11. Afek_One

    Afek_One Well-Known Member

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    I was actually just going to mention something about this in the Machinedrum thread.

    During the late 90s and early 2000s drum and bass had a big following. In Chicago, there were dnb nights literally every night of the week across the city. Jump up kind of killed that and with emergence if dubstep all the dnb nights died with it.

    Dnb has postential to make a come back, but I don't think it will be with the EDM crowd. I think it will be with producers like Addison Groove, Om Unit and Machinedrum. Those producers have big followings outside of the world of dnb. The sound will be this hybrid of dnb, juke, footwork and NU jungle. I've noticed crowds have been really receptive of that sound. I just played this weekend to a crowd of art school, hipster kids and played mostly that sound and they were well into it. I played an hour set and was asked to come back on for another hour after the house dj's that played after me.

    Who knows though. Maybe the EDM crowd will get into the obnoxiousness of Ram and Hospital. I never, ever thought dubstep would get so big.:knob:
     
  12. Muscular Puppy

    Muscular Puppy Member

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    Yeah to be honest I think you're right
     
  13. HAB

    HAB "Genius!"

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    Drum and bass will always be a niche thing here in the States. It had its heyday in very select cities a decade ago and though there are still places where dnb nights happen on the regular, it will never come close to be as widespread and prolific in American culture as it is in the UK.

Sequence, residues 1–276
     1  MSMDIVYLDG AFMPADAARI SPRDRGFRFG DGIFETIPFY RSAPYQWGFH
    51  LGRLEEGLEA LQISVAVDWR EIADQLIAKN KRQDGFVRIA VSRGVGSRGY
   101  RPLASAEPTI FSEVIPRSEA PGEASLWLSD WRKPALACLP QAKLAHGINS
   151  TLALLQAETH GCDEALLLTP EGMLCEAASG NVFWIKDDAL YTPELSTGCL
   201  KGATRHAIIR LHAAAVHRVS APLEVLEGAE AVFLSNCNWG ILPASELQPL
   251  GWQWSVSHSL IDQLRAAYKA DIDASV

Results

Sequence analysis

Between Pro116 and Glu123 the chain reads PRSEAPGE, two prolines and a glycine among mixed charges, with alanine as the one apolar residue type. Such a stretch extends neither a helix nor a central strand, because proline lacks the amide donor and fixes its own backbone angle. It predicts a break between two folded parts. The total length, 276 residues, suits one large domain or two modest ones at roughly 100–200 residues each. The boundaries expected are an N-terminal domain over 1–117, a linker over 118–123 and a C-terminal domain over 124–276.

14. grubbers

    grubbers bag of smashed

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    Pretty much this.

    I do consider myself lucky though, Boston has one of the best and longest running dnb nights in the country. It's small, but the vibe is always on point.
     
  15. northstar

    northstar New Member

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    I was just in London, and sure there are lots of events but its not like dnb is pop. Its still niche there.

    Im from Vancouver BC. Been into dnb since mid 90s. Scene swelled to having 2-3 weeklies, and 2-3 UK head liners a month. It died when dub step blew up. But the past 2-3 years dnb has come back pretty hard. Now there is 2-3 monthly shows usually on Saturdays at a pretty good night club. Underground is pretty good too, the teens that were into dub step seem to be into dnb.

    Bass unites.
     
  16. evermind

    evermind Broken Symmetry

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    this is because andy c played a 64k youtube rip at this dnb.
     
  17. Krysis714

    Krysis714 New Member

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    I live in Los Angeles and there is def no shortage of good DNB. Just had Tyke and Supreme Being last weekend. Total Science, Andy C, Gridlok, Loadstar, Annix, Hype, Maztek, Culture Shock just to name a small portion of who played just last month. Heist and Sub Zero playin in a couple weeks. Look up Respect Club and Xcellerated Los Angeles. I cant speak for the rest of the US but its poppin' down here.
     
  18. akasd001

    akasd001 Active Member

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    I'ts pretty big scene here in Cali.. There are strong dnb scenes in San Fran (Stamina Sundays), Los Angeles (Respect), an San Diego (SD Union). Respect in Los Angeles gets big headliners every week.

    - - - Updated - - -

    This, I'm at Respect, Timeless, Xccelerated, SD Union as Often as I Can.